‘Tina’ review: a music icon looks back with grace

Tina Turner at her home in Küsnacht, Switzerland on July 17, 2019. (Photo: NYTimes)
In 2009, Tina Turner gave her final public performance. After which she did something that only a few mega-famous musicians actually succeed at: she retired. With her second husband, former record company executive Erwin Bach, she took up a life far from both the country of her birth and the bustle of the music industry, in Zurich.اضافة اعلان

But Turner continues to inspire. In 2019, a Broadway musical based on her life, made with her cooperation, became a hit. Her songs, both in partnership with Ike Turner and solo, are staples of classic radio stations. For this documentary, directed by Dan Lindsay and T.J. Martin, she sat down for a stocktaking interview; this film is not just a summing up but a kind of farewell.

Turner’s life was a hard and complicated one. In the 1980s and beyond, the telling of that story became a defining part of her subsequent life. She began in music in the late 1950s as a wide-eyed teenager in St. Louis, admiring the R&B bandleader Ike Turner and hoping to sing for him. He dismissed her again and again, but when a bandmate insisted he listen, Ike was stunned. He initially groomed her in a way that both Tina and former colleagues here describe as “brotherly.” But the short shrift Ike had gotten in the music business fed his paranoia, and once he realized the one-time Anna Mae Bullock could be his ticket to the big time, he took control of Tina in terrifyingly abusive ways.

The documentary gives Ike his due as a musical force while also providing a cleareyed portrait of a monster. Tina’s recounting of a suicide attempt is juxtaposed with a clip from a 2000 interview with Ike in which Ike speculates that his then-wife was “upset” about his “womanizing.”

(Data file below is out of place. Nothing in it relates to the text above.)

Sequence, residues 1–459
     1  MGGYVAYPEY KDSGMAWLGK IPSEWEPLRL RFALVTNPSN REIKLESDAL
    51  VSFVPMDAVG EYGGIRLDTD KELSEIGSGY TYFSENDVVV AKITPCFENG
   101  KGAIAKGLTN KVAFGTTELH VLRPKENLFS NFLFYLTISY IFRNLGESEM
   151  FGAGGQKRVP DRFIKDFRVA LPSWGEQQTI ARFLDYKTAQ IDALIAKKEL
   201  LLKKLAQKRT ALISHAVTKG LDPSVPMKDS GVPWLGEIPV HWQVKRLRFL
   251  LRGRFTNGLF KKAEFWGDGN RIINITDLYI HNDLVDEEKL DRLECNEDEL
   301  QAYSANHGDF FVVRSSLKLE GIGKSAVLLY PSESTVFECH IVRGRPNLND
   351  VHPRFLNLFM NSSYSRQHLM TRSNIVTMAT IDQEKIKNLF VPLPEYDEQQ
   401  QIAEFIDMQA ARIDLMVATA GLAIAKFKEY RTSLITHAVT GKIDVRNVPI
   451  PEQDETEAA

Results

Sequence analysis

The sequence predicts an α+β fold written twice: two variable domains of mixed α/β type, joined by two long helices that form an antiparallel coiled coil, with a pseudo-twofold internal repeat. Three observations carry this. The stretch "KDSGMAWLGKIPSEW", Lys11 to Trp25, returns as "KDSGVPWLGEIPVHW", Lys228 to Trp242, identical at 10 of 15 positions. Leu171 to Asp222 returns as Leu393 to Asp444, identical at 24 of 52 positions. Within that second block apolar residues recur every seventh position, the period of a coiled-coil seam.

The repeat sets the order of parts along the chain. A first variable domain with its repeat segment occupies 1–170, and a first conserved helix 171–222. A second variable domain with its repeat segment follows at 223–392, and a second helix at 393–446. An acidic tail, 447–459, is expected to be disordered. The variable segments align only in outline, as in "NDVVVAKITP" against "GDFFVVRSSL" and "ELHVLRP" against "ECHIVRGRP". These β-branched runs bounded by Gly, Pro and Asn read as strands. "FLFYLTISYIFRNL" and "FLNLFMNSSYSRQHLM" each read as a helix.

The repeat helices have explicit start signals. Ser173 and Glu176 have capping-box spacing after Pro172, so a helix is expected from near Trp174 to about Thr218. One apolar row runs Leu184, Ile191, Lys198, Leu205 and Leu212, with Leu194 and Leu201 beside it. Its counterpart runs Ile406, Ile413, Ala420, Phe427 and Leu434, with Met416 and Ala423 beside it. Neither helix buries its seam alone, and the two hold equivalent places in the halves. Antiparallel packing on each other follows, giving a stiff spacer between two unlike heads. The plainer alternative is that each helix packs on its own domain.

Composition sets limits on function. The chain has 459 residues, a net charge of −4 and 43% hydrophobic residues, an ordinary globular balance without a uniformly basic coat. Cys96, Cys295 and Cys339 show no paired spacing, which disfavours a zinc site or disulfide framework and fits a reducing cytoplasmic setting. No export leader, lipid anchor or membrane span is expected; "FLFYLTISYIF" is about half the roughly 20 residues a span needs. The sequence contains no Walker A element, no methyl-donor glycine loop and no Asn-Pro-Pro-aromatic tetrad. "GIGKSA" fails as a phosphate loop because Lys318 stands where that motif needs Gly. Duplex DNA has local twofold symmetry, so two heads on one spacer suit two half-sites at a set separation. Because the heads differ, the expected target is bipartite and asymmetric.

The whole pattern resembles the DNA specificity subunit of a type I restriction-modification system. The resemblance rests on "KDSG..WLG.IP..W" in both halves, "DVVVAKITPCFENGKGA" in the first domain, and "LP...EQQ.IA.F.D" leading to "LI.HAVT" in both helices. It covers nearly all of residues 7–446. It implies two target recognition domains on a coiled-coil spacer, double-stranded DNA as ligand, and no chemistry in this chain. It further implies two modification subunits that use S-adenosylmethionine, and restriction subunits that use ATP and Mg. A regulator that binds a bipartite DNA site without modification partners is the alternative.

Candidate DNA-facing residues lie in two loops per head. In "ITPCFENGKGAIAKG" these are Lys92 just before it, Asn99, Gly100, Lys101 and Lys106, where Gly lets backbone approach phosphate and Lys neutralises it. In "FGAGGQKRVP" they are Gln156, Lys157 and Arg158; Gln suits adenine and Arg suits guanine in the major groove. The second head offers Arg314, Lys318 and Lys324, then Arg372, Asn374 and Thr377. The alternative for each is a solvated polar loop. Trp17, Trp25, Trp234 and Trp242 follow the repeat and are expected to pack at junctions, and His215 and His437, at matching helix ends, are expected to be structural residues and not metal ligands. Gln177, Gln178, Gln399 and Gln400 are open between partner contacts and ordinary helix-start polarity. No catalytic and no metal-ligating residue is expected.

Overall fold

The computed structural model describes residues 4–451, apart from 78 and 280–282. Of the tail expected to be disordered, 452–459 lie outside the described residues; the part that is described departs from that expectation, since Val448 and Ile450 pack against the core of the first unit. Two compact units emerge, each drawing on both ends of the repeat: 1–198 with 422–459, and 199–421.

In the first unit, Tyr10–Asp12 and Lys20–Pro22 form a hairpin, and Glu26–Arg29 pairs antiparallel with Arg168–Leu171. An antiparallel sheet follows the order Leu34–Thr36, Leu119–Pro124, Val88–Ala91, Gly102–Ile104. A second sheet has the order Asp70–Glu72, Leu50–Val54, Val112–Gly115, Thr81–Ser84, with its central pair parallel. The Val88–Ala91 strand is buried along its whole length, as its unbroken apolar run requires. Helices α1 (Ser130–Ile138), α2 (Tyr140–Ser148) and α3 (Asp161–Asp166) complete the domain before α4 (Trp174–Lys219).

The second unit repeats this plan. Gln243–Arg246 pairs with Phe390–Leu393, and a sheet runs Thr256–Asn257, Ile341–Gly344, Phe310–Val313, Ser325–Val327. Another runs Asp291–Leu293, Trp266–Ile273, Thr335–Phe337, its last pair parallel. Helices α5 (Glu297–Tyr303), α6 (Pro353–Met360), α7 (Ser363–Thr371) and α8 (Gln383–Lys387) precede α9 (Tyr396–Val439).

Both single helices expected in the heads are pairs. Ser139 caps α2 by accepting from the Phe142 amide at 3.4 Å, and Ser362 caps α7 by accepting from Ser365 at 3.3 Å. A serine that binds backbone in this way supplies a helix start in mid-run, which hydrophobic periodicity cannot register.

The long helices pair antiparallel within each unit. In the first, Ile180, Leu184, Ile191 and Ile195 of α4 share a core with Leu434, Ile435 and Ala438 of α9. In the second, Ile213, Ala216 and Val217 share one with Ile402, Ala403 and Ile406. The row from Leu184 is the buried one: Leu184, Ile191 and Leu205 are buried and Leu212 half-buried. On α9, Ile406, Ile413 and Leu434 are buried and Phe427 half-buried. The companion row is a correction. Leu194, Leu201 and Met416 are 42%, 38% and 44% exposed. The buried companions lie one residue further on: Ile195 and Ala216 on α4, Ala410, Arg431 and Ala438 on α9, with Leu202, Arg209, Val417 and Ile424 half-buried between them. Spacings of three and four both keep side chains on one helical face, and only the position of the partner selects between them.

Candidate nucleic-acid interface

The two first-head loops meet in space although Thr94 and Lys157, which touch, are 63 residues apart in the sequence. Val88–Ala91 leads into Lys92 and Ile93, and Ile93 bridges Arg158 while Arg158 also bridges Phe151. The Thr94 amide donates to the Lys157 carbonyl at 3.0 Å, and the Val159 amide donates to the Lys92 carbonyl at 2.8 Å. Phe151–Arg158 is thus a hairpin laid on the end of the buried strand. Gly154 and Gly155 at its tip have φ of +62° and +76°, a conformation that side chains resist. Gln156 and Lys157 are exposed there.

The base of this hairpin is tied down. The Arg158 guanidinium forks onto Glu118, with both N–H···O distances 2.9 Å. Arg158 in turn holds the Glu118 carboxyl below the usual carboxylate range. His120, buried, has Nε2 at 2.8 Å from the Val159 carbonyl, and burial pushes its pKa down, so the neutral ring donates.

Tina Turner fought to keep her name after leaving Ike. And after doing whatever gigs she could get to pull herself out of debt, she forged a solo career bigger than she had possibly ever dreamed. She accomplished this over the resistance of racist record execs and journalists who only ever wanted to ask her about the past. And eventually she found love — not again, she says, but really for the first time — with Bach, who’s also an executive producer of the movie.

Because of her autobiography, “I, Tina” (written with Kurt Loder, who is interviewed here) and the feature film “What’s Love Got to Do With It” (starring Angela Bassett, who speaks here with fervor on Tina’s talent and strength), you may believe you know Turner’s tale. And you may be right. It is retold well here, but the most moving portions — and they could bring tears to your eyes — come as Turner, almost 80 at the time of this interview (and as beautiful as she has ever been), wearing a tailored black suit, sits and discusses where she’s at now. “In not forgiving, you suffer,” she reflects. “I had an abusive life … that’s what you got. So you have to accept it.” The grace she shows here is almost overpowering.